Unraveling the relative roles of erosion and tectonics in shaping the modern topography of active orogens requires datasets documenting spatial and temporal patterns of exhumation, surface uplift and climatic forcing throughout orogenic growth. Here we report the results of biotite 40Ar/39Ar incremental heating and single-grain laser-fusion experiments from a nearly vertical, ∼ 1000 m age-elevation transect in the central Nepalese Himalaya. Age-elevation relationships constructed from these data suggest very slow cooling in this part of the Himalayan crystalline core during the Early Miocene, accelerating to only moderate rates at ∼ 10 Ma. If we assume purely vertical exhumation and a steady-state thermal structure, the exhumation rates implied by these data are ≪ 0.1 mm/yr prior to 10 Ma and ∼ 0.5 mm/yr from ∼ 10-7 Ma. The acceleration in cooling rate at 10 Ma requires a change in kinematics that may be linked to large-scale changes in climate, or to more local tectonic perturbations. Although we do not presently have enough data to assess the relative roles of regional vs. local drivers, these data provide a new constraint on exhumation through the Miocene that must be honored by any model of Himalayan evolution.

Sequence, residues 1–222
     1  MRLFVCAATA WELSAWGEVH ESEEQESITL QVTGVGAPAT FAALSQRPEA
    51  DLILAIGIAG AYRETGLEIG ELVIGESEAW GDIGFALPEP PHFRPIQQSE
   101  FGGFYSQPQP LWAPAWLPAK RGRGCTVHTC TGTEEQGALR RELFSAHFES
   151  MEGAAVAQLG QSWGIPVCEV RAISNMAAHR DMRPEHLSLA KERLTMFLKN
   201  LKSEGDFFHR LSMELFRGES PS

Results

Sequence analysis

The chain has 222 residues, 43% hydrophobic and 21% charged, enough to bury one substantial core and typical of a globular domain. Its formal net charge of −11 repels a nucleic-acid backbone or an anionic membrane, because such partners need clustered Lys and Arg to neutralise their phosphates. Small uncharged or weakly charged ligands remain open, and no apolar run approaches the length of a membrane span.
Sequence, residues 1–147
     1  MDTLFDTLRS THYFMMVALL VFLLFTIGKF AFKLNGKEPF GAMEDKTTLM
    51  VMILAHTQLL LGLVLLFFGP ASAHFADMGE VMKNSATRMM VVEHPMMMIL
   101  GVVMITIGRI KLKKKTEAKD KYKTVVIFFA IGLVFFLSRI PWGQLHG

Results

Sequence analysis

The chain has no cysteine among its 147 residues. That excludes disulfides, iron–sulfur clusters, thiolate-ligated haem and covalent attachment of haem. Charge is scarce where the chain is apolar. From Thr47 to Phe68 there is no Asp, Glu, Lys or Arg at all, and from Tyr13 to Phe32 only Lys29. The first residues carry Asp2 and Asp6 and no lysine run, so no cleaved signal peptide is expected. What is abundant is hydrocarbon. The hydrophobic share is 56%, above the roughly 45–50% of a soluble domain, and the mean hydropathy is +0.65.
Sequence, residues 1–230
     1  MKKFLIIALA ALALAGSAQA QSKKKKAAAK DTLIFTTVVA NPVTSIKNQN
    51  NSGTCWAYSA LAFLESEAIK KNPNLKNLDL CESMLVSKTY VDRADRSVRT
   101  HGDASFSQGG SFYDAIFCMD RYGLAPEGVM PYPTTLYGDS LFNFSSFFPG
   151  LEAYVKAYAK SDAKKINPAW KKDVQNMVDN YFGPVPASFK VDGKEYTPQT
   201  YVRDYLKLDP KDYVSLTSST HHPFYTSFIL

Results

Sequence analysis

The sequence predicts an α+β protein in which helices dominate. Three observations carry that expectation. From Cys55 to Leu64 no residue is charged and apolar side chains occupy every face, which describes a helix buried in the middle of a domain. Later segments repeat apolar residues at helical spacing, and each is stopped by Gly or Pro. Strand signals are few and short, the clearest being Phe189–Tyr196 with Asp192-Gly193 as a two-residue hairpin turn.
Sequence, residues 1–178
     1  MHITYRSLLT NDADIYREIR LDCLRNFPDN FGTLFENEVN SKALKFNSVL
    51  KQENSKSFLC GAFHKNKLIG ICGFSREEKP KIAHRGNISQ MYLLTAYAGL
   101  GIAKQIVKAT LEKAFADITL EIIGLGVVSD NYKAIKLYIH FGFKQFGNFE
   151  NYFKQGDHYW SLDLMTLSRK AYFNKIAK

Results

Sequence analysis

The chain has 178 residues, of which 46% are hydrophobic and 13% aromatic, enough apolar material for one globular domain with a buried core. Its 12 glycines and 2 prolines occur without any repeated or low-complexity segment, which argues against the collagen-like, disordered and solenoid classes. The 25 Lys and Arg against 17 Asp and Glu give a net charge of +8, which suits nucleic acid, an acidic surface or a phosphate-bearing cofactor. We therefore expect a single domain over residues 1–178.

- argon thermochronology
ASJC Scopus subject areas
- Geochemistry and Petrology
- Earth and Planetary Sciences (miscellaneous)
- Space and Planetary Science